First of all, according to Wikipedia, the tax rate depends on both the individual's tax bracket and the amount of time the asset (the investment sold) was held. Short-term capital gains are taxed at the individual's ordinary income tax rate and are defined as investments "held for a year or less" before being sold. Long-term capital gains, are gains attributable to the dispositions of assets "held for more than one year" and are taxed at a lower capital gains rate.
As of 2016, the United States taxes short-term capital gains at the same rate as it taxes ordinary income. Long-term capital gains, on the other hand, are taxed at generally lower rates with some exceptions:
- The tax on collectibles and certain small business stock is capped at 28%.
- The tax on un-recaptured Section 1250 gain — this is the portion of gains on depreciable real estate (ie. structures used for business purposes) that has been or could have been claimed as depreciation — is capped at 25%.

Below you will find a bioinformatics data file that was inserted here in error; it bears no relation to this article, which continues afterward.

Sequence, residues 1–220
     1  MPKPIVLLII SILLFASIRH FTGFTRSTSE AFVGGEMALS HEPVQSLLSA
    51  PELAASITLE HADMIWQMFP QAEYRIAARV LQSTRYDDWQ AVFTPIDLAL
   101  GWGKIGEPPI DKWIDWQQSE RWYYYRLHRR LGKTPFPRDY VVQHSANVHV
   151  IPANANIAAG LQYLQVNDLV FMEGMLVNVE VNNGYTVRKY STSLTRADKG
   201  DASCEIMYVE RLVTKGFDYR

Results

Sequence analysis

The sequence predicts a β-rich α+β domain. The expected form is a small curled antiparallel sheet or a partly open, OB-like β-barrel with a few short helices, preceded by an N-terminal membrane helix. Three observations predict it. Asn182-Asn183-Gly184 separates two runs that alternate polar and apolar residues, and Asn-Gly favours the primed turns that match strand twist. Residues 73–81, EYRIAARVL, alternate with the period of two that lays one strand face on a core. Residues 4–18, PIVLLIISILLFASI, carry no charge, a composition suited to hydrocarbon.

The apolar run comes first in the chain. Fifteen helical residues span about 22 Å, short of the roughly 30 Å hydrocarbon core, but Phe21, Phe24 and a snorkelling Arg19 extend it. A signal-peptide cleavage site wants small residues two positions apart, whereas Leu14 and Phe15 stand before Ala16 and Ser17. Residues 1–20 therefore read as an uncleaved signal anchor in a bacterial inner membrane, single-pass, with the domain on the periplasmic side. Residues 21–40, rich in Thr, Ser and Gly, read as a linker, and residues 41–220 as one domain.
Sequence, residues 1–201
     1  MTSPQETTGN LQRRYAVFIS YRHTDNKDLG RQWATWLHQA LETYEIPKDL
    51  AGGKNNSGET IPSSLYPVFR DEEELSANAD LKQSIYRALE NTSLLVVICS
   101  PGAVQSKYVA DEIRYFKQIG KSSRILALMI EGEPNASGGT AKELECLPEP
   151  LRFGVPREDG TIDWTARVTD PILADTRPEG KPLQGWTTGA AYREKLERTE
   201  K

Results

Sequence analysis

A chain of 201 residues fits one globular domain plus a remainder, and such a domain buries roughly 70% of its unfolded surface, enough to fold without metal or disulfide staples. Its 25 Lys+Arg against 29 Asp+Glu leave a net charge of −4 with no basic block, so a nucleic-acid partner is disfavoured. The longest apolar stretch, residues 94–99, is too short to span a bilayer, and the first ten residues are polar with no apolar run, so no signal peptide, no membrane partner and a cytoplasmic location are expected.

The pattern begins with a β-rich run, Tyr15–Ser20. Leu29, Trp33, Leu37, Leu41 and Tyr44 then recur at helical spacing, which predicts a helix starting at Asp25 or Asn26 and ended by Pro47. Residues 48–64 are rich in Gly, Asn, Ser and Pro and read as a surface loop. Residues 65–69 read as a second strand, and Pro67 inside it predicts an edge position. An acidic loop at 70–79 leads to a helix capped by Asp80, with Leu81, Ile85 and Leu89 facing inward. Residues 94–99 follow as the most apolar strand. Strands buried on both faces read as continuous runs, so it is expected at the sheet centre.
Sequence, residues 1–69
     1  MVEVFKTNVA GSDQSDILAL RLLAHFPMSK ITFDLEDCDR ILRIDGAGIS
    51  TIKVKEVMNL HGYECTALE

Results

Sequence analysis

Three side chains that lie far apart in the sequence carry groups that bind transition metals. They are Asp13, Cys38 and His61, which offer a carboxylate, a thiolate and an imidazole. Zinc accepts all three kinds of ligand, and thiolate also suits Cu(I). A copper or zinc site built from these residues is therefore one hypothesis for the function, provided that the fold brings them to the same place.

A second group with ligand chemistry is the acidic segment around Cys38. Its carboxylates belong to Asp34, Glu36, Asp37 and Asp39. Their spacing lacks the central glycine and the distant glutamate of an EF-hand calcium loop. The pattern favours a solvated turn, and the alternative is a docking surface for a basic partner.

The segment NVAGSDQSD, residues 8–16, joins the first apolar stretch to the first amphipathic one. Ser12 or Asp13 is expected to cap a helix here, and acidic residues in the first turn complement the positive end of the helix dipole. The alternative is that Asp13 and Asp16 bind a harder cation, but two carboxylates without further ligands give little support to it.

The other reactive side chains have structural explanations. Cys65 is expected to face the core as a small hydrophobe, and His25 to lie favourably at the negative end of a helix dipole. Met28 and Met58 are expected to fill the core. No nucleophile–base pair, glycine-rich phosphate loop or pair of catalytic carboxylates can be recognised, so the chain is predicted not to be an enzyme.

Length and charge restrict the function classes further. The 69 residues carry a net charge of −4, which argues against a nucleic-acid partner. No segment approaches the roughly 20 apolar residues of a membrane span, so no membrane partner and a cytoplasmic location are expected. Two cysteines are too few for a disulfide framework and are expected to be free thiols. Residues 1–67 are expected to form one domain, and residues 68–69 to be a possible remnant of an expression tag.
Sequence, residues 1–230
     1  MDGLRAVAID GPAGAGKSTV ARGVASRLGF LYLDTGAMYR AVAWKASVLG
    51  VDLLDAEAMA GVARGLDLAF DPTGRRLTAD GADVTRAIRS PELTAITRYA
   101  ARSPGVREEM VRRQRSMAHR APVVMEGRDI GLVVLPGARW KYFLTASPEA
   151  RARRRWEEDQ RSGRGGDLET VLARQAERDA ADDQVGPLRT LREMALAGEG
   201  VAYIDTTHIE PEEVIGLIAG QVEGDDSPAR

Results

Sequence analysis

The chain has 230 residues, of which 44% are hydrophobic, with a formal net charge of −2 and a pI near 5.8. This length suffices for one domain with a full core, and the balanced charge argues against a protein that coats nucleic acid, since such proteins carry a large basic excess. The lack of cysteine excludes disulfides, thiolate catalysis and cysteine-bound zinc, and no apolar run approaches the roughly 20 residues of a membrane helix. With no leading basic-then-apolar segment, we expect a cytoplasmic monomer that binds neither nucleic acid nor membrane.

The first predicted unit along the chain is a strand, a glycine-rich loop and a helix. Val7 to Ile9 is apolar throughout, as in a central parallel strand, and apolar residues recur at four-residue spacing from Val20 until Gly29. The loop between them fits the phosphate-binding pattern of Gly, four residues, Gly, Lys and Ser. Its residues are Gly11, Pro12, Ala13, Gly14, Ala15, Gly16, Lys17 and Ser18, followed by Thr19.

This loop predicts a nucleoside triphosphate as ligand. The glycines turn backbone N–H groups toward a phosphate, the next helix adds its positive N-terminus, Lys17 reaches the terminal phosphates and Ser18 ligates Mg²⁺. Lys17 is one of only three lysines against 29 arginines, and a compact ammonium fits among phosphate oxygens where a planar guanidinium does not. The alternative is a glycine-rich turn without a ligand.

- Most other investments are subject to a preferential rate of 0%, 15%, or 20%, depending on the tax rate that would be assessed on the same amount of ordinary income.
But secondly, the most misunderstood aspect of the capital gains rate structure is the fact that even capital gains on which the above table shows the tax to be 0% may increase an individual's overall tax liability, as it may push any capital gain income into higher tax brackets.
What? Come again? Well, it appears that what happens is that (and take a deep breath) the capital gain does push an individual's total income into the next tax bracket, but the capital gain is always interpreted as the "last" income the person received, so that if that individual's non-capital-gains income is less than the threshold, it will all be taxed in the lower bracket, and only that individual's capital gain will be taxed in the higher bracket (but it will be taxed at the capital-gains rate of that higher bracket).
In short, a capital gain can only push capital gains into higher capital-gains tax brackets; it cannot push ordinary income into higher ordinary-income tax brackets. In addition, the amount of the capital gain is taxed in a marginal rate fashion, such that any portion of the gain that will "fit" into a lower bracket will be taxed at a lower level, with only the topmost portion of any gain being taxed at the top rate.